My 11 year-old girl/boy twins started middle school this year. It was a huge adjustment for me … er, them … okay, for all of us. For me, gone were the hands-on days of volunteering at the elementary school and meeting all my children’s friends and most of their parents. For the children, the new school meant meeting lots of new people. Realizing the importance of friends during this adjustment and developmental time in my twins’ lives, I decided to throw them a party… I felt it was better to throw a themed “anytime” party than to throw a birthday party. Having a non-birthday party removes the gift-buying burden from new friends and their parents. Besides, my children’s birthday was months away. I wanted to get to know their new friends as soon as possible.
Dr. Chris Knoester, assistant professor of sociology at Ohio State University, says parents are wise to get to know their children’s friends and friends’ parents as soon as possible. He advises, “Parental monitoring and supervision (such as knowing your child’s friends and friends’ parents) curbs delinquency and seems to lead children to establish friendships with peers who are more likely to exhibit prosocial characteristics (e.g., higher GPA, more involved in extracurricular activities, more likely to go to college).”
When throwing a tween party, your games, entertainment and activities must be more sophisticated than parties for younger children — but activities must still be fun and age-appropriate. Keep in mind that children between the ages of 10 and 12 mature at different rates; what might be fun for one could seem babyish to another. And what some might enjoy could actually be traumatic for others. Case in point: I recently chaperoned a field trip wheremy children’s class visited a local theater production of “Dracula.” At intermission, one child was in tears because the play frightened her. The best course of action is to ask your child’s opinion. Find out what his/her friends like and dislike.
“Having parties for tweens or teens gives you a higher visibility with your son’s or daughter’s friends,” says writer and television personality Silvana Clark (silvanaclark.com). “They see you in a positive light (usually) and get to know you as another adult in their lives. Parents that are warm, good listeners and welcoming create an atmosphere teens enjoy.”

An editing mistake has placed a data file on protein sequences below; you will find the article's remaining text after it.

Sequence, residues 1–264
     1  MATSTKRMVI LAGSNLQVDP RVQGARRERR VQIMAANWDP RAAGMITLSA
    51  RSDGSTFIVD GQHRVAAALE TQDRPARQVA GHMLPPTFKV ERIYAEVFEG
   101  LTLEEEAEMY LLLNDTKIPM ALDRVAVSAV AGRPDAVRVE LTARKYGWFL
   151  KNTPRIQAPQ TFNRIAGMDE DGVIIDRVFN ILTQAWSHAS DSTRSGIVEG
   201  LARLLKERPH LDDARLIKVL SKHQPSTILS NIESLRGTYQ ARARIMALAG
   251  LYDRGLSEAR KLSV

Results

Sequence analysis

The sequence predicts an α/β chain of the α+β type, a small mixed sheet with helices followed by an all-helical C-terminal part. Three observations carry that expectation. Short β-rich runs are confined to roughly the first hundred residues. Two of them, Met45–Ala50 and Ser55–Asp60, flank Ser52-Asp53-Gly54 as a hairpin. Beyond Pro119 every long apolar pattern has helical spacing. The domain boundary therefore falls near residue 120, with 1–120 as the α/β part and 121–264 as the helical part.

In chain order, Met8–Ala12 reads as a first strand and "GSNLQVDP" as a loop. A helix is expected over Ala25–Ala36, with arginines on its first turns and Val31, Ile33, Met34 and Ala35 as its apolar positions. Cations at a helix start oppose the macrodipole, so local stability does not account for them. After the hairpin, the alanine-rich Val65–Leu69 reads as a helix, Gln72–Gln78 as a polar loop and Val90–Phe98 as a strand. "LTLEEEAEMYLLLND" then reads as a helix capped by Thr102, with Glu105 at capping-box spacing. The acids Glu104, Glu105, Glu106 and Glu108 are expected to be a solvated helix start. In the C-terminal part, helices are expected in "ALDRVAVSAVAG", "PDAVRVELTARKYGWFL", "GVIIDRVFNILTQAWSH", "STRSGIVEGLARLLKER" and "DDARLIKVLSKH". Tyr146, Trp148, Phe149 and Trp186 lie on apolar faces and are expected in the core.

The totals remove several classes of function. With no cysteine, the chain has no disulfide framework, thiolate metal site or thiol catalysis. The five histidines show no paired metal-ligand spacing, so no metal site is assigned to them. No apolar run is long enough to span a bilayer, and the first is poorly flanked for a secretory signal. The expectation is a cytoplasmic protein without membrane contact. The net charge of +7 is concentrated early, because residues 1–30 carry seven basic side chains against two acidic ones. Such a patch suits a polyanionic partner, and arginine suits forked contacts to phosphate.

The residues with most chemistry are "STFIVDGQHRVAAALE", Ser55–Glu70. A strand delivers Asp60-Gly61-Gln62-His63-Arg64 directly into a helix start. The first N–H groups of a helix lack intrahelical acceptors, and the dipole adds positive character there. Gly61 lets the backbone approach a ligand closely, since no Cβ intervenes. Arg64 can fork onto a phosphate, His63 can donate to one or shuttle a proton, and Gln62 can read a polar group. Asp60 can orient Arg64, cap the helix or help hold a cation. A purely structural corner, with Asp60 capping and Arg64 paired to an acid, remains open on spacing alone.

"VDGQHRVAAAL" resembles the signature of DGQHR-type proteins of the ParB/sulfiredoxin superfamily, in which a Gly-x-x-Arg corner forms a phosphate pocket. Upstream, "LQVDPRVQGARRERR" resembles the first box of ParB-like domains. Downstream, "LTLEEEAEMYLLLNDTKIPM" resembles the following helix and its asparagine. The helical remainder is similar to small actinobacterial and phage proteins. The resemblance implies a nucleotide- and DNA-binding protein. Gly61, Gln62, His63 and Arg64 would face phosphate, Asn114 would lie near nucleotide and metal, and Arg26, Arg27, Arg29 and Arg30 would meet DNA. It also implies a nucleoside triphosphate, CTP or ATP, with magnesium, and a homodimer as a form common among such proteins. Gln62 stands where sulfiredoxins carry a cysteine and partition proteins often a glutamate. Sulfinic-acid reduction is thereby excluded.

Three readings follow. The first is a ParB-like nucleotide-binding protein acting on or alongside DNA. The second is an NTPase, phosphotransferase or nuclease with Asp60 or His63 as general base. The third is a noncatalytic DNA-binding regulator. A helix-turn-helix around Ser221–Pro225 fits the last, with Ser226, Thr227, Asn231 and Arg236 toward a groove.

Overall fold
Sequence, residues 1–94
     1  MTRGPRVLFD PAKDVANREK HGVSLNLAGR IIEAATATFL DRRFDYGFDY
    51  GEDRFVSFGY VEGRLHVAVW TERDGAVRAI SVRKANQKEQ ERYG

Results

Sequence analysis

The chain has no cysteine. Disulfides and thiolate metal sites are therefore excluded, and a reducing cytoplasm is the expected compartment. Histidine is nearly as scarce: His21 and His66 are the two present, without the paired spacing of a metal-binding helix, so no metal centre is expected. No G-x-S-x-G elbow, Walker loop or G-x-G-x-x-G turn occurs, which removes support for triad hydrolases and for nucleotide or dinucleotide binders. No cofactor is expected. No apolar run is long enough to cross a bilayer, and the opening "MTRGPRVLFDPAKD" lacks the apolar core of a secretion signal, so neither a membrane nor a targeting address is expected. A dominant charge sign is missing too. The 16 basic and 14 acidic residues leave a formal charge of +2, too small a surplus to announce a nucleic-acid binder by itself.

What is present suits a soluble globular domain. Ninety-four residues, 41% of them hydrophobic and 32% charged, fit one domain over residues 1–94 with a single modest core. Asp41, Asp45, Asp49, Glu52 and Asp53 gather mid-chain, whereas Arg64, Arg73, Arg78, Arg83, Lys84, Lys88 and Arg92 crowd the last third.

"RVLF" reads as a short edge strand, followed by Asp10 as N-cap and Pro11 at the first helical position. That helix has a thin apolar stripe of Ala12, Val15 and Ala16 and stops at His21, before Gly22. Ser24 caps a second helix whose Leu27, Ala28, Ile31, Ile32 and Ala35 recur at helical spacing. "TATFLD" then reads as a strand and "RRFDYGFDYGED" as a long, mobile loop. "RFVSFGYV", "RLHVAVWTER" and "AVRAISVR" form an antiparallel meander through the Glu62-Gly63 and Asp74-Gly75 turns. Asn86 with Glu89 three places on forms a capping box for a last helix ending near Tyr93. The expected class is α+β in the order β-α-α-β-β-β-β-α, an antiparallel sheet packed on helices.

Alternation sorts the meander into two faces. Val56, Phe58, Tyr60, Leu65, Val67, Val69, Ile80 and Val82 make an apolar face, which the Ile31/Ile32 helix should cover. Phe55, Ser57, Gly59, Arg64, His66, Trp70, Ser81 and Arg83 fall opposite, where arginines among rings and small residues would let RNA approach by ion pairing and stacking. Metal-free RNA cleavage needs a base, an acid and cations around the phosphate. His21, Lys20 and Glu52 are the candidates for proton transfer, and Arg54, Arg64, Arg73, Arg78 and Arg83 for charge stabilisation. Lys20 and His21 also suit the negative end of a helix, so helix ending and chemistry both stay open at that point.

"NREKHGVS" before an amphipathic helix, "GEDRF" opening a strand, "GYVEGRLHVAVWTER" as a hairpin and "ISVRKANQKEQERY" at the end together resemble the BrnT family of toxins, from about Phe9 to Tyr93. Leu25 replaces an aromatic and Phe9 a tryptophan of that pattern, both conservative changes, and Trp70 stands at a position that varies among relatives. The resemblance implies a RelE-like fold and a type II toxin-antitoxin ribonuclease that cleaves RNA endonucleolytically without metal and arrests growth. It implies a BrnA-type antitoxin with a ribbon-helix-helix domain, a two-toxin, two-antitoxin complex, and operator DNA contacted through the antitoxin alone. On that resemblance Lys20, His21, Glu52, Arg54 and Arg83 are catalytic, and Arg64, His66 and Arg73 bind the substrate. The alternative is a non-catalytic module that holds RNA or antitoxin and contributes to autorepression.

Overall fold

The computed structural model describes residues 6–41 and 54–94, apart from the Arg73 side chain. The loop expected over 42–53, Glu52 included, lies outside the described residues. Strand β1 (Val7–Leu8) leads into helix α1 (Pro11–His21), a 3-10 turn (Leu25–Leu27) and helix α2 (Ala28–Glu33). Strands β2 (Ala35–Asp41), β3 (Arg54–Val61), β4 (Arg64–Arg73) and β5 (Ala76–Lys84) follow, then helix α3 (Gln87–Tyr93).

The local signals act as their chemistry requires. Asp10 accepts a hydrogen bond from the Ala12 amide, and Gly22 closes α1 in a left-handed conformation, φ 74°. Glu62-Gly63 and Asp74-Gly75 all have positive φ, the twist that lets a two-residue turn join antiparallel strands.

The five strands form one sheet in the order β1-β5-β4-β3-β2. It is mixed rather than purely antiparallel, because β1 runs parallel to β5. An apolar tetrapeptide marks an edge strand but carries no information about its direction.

Simple observation at my children’s party provided ample topics for private discussion later. For example, one of my daughter’s super-thin friends kept bemoaning the fact that she was “fat.” When we were alone the next day, I spoke with my daughter about it and asked if she thought her friend might be anorexic. Although she didn’t believe her friend to have an eating disorder, my daughter agreed her friend is certainly not fat; we had a discussion about body image and self-esteem.
Some parents might be concerned about having a party where both sexes will be in attendance. Co-ed tween parties give your children the opportunity to grow socially in a safe, comfortable environment. While many middle schools are beginning to incorporate dances into their extracurricular events, most tweens feel awkward the first few times they’re placed in this situation. Although some are developing their first crushes, they might not want to admit it, and they certainly don’t want to be teased about friendships with the opposite sex.
By having the party in a public place — a local pizza parlor — my husband and I removed most opportunity for the children to engage in inappropriate behavior. In a home setting, I would’ve been randomly popping in with more food, seeing if everyone had everything they needed, etc. Clark agrees. “I might have them make root beer floats or set out apple slices and warm caramel dip. That way they interact with me, but it’s connected with food…. It boils down to being around but in a non-threatening way.”
My intentions in having the party were well-served. I made my children happy, I met their new friends, I met some of the parents, communication on some touchy subjects was facilitated — and I believe I reiterated to my children that I’m there for them to help them in any way I can.
FUN TWEEN PARTY THEMES
Mystery Party: Guests solve a mystery during the course of the party. The menu, activities and party favors would evolve from the theme of the party. If the party takes place in a diner, serve hamburgers, hot dogs, French fries, apple pie a la mode and chocolate cake. Depending on the supposed time of the mystery, party favors could include 50’s-inspired gifts: candy bars with pre-printed retro wrappers placed around existing wrappers, magnifying glasses, scarves and poodle appliqués for the girls, and 50’s replica cars for the boys.
Back-to-School Party: One last summer blowout before school begins. Have a beach party with a luau-themed menu and party favors. Or have fun with dreading the start of school by having a “cafeteria nightmare” menu including “dirt cake” made from crushed chocolate cookies. Party favors could include cool pencils and other fun school supplies. You might want to ask guests to bring school supplies to be donated to needy children.
Movie Party: Plan a party around your tweens’ favorite move. Some current suggestions: High School Musical, Spider Man 3, Pirates of the Caribbean: At World’s End. The menu and party favors would, of course, tie in with the movie. If you’re watching the movie as part of the festivities, tweens would enjoy popcorn, nachos and movie candy more than anything else. Be sure to turn
the lights off for more of a cinematic feel.
By Gayle Trent